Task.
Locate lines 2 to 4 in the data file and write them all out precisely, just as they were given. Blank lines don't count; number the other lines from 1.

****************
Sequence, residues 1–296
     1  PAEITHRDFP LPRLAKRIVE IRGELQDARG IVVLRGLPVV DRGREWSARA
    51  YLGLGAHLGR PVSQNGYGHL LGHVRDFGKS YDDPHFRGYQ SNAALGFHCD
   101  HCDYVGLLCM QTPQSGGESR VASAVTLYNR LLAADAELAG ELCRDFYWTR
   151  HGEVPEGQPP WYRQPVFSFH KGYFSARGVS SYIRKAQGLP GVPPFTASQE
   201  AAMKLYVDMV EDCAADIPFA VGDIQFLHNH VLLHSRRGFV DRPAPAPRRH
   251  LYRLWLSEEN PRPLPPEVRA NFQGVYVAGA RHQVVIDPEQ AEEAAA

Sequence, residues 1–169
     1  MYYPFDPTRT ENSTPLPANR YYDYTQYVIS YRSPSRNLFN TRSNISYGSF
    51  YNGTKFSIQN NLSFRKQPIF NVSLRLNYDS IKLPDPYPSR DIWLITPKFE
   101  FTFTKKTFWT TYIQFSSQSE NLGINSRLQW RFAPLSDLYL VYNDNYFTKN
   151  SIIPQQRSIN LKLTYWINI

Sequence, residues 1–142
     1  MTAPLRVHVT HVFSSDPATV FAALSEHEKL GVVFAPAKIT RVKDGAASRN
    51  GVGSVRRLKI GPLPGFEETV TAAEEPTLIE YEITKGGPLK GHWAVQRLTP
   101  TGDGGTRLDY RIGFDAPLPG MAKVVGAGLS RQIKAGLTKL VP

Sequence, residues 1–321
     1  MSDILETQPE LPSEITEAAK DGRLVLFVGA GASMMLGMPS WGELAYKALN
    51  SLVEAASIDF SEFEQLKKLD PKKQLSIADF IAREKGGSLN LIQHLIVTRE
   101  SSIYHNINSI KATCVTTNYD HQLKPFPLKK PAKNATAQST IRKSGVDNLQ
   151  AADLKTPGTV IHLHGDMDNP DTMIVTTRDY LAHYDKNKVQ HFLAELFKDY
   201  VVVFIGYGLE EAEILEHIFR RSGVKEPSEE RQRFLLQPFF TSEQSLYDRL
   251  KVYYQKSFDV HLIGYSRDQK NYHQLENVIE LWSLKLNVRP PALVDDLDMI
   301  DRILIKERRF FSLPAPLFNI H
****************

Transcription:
     1  PAEITHRDFP LPRLAKRIVE IRGELQDARG IVVLRGLPVV DRGREWSARA
    51  YLGLGAHLGR PVSQNGYGHL LGHVRDFGKS YDDPHFRGYQ SNAALGFHCD
   101  HCDYVGLLCM QTPQSGGESR VASAVTLYNR LLAADAELAG ELCRDFYWTR